A beautiful hike with wonderful scenery and many waterfalls of various sizes. We drove to the Eco Resort in Ulu Tamu near Batang Kali. It took some time to find the trail head but once we were en route the hike was fairly short and the water was perfect.
Chiling Falls is located north of Kuala Lumpur near Kuala Kubu Bharu and the Selangor reservoir. It is one of the more developed nature sites with proper signage and it receives more visitors than the more remote falls. There are a total of five river crossings and since it is fish reserve the water is teeming with them. The journey takes you fairly deep into the jungle so you’re bound to come across some wildlife. The waterfall itself is an impressive two-tiered fall with a large pool for swimming. The cool, fresh water is such a wonderful treat after a long walk on the trail.
I cut the music with some samples from our journey. But mostly it’s a mood meant to compliment the sights and sounds of the jungle.
When you’re only in town for a day, don’t know the language, and barely know the culture … there are only first impressions.
Our first sweep through Yangon filled our minds with more questions than answers. Peering into the shadows of Shwe Bontha Road from a balcony at Bogyoke Aung San Market I kept wondering … “How does a place end up like this?” There’s the British legacy, the years and years under an oppressive military junta, the sanctions. And yet somehow the spirit is not gone, and life in the little capital city of Burma still ebbs on indomitably.
It is said that Yangon expresses the Asia of old. Telephone and power lines hover precariously above the sidewalks. British-era buildings serve as dilapidated apartment blocks and shophouses. Vibrant marketplaces and colorful signs excite the seasoned urban landscape. Down by the river some of the buildings are blown-out shells of their former selves, and a murky blue/gray sticks to everything in sight. It’s a real relic, Yangon.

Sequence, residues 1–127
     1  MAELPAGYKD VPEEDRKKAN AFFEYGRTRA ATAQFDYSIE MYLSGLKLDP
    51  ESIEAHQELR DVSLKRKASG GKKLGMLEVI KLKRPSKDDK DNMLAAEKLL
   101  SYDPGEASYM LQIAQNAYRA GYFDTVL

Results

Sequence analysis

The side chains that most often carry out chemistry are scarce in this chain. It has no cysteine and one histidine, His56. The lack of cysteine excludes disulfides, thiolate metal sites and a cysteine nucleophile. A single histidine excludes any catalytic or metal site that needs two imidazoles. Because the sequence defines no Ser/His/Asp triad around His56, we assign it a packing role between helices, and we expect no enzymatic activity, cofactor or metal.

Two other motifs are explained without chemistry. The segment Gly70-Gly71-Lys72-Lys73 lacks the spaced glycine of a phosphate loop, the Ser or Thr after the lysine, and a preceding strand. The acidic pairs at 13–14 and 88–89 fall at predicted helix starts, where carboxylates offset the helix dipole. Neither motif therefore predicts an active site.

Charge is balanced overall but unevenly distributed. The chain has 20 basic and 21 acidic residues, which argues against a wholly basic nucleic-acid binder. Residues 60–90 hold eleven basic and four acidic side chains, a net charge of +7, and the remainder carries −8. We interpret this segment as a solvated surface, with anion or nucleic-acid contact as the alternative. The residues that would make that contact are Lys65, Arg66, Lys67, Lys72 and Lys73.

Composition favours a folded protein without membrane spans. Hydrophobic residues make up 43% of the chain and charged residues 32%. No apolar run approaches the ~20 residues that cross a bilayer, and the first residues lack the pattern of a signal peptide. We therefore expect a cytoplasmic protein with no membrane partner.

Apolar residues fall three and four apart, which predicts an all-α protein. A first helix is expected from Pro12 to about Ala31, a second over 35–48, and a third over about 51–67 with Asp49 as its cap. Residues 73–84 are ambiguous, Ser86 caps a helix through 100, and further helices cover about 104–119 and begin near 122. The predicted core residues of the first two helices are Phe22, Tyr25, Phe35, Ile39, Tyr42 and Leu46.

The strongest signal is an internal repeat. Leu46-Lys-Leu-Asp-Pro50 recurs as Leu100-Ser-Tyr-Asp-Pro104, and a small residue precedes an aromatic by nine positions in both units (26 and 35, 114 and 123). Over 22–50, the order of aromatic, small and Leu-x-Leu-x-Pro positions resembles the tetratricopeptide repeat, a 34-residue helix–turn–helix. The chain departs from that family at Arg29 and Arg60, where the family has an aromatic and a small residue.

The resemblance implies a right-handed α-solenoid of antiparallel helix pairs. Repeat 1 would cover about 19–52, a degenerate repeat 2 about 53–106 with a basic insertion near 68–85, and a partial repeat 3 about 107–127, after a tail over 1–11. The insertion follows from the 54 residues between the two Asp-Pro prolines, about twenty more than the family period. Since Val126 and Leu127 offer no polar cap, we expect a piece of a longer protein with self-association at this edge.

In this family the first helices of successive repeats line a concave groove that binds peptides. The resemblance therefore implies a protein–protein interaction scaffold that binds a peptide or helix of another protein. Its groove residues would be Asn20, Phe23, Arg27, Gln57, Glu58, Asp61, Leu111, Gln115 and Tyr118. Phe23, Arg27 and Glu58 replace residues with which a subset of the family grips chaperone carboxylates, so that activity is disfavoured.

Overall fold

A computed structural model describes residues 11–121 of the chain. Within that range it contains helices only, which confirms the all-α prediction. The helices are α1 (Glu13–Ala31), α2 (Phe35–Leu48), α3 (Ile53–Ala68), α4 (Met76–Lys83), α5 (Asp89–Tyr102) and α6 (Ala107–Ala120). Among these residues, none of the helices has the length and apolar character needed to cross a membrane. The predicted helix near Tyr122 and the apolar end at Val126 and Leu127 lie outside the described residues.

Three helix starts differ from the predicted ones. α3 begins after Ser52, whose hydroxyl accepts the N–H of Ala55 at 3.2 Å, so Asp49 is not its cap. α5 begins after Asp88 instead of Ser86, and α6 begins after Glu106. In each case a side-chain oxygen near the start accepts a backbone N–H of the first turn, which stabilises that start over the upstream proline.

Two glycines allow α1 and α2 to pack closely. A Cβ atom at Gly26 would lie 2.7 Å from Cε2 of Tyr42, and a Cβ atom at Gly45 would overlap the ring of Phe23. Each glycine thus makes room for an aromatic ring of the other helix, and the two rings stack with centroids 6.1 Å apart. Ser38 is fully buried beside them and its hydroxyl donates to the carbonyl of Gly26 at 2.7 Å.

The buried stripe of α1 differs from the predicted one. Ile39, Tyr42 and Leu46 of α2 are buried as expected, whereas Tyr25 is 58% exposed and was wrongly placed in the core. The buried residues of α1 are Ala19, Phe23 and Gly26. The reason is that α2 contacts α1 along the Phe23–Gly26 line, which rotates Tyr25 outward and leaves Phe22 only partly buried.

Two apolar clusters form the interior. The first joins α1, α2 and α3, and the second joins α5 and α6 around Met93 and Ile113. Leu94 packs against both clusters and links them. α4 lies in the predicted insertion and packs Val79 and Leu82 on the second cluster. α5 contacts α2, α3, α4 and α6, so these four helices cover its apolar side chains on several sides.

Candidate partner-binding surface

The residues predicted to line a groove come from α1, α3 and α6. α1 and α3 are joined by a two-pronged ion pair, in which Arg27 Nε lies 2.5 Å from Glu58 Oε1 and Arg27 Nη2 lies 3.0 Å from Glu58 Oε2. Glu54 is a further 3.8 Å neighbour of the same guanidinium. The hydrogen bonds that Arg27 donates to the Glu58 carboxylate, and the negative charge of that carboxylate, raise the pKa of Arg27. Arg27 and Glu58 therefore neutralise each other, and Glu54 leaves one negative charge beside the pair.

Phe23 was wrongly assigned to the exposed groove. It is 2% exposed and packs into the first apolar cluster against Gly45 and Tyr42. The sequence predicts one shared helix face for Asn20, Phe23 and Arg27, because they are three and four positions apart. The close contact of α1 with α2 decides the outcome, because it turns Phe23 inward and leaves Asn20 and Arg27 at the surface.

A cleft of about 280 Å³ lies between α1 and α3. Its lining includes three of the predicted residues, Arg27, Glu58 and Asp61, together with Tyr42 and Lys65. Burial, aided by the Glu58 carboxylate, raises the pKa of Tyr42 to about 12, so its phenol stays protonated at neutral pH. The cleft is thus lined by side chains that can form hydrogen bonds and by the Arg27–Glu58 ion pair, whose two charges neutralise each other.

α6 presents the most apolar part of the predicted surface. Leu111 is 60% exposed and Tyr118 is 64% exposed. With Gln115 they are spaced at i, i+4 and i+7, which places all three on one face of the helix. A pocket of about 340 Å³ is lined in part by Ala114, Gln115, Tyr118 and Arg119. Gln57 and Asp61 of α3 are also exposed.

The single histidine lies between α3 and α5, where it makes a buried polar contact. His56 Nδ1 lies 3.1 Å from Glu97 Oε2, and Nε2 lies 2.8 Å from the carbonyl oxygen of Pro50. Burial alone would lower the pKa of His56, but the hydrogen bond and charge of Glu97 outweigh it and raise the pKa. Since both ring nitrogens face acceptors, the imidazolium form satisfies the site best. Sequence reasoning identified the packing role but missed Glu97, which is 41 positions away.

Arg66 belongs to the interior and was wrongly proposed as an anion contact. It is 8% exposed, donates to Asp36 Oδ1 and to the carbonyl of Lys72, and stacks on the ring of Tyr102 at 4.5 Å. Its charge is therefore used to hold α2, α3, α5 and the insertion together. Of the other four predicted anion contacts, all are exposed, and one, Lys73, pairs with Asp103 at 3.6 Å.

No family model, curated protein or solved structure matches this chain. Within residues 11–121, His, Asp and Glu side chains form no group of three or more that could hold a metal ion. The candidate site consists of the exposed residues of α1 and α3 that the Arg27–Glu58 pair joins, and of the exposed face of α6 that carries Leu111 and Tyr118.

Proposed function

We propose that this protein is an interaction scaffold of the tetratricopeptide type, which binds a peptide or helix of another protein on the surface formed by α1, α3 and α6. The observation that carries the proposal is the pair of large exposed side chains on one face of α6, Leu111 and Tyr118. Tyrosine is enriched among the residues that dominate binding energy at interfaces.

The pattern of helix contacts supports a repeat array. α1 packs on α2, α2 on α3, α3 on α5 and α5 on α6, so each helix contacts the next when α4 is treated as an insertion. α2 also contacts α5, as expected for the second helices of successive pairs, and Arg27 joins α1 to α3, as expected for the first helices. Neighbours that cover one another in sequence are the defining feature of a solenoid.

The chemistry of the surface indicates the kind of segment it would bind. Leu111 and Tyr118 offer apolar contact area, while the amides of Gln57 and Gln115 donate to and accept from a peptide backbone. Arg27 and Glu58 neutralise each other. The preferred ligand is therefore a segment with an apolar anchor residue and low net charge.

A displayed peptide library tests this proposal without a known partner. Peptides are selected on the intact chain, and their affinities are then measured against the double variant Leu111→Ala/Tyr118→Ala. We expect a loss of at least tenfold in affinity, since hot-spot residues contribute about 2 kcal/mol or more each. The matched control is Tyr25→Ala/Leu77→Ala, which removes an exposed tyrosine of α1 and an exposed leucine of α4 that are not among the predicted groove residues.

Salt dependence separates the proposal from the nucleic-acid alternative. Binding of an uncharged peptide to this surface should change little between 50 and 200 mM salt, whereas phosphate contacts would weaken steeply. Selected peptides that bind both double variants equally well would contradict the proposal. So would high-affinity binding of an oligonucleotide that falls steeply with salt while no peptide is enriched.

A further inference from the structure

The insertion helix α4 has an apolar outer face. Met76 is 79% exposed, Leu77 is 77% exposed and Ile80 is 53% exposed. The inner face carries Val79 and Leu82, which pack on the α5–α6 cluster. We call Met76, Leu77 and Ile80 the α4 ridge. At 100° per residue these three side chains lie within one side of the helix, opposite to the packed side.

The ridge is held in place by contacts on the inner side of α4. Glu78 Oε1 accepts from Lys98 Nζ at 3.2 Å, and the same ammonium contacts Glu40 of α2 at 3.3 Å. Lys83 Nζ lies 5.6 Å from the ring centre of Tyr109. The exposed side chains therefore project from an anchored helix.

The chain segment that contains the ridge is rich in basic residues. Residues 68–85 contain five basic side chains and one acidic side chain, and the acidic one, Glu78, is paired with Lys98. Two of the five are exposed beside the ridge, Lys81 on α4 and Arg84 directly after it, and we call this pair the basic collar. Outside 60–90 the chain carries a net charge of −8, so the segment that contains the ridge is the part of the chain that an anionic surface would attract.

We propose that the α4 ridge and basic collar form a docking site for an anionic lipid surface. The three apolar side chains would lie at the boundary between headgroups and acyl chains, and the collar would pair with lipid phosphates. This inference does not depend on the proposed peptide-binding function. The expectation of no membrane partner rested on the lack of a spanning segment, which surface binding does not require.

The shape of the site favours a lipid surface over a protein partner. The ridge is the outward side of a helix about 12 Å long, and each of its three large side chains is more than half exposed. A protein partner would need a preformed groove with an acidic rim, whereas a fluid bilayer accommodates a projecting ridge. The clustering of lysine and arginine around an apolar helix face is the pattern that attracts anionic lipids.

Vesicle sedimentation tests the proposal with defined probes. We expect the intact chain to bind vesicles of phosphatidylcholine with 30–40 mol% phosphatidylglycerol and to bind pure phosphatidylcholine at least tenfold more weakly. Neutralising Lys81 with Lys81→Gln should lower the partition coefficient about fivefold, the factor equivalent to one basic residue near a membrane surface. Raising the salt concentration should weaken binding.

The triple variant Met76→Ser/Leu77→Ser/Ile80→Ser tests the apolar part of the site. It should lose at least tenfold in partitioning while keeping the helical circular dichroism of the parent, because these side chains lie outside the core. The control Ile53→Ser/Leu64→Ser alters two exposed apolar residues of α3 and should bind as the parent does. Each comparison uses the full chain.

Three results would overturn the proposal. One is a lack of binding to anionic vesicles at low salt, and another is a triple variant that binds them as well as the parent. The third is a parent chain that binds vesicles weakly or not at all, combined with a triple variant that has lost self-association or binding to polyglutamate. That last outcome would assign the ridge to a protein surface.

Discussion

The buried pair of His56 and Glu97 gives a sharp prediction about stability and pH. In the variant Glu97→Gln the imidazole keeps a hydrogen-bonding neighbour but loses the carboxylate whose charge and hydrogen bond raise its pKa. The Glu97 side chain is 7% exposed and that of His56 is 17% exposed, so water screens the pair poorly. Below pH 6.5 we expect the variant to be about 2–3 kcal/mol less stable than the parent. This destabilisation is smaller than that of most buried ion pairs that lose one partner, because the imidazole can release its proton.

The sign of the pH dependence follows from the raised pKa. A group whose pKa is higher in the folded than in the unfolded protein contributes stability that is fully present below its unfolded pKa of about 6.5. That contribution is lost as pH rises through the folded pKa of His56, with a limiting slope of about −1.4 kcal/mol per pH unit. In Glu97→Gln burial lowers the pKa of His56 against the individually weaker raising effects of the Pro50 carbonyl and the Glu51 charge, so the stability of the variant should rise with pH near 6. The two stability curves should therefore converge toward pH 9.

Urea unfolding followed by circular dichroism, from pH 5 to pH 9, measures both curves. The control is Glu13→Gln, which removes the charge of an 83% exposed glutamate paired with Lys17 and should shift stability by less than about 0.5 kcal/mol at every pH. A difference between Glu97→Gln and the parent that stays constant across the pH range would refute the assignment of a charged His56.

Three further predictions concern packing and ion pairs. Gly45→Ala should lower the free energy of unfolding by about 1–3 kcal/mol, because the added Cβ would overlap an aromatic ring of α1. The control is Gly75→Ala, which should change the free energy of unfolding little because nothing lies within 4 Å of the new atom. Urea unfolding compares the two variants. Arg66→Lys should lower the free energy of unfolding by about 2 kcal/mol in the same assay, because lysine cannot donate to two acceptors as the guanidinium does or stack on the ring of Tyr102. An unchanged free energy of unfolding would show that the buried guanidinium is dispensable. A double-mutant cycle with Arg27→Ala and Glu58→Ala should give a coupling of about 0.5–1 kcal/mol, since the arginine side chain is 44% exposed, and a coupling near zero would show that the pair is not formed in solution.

One place that seems unchanged and even more beautiful in person is Shwedagon Pagoda. This massive stupa serves as the spiritual centre of Burma. The compound sits atop a small hill, making it visible for miles around. It’s a wondrous destination filled with ornate statues, shrines, and houses of prayer.
Each of us were asked for our birthdays so that we could give offerings at our planetary post, represented by different animals corresponding to the days of the week. As we made our way around the pagoda clockwise, each of us poured ablutions over our animals and the Buddha image.
I used the bell as the basis for my compositions here … because it’s such a part of the sound in Myanmar. I recorded a long section of group prayer which was just too lovely to cut short. My favorite is the young female monk I found singing quietly in front of the Buddha.
And the last shot … the giant stupa that sits in the middle of the pagoda, covered in gold leaf. Too amazing to be true and yet, there it sits!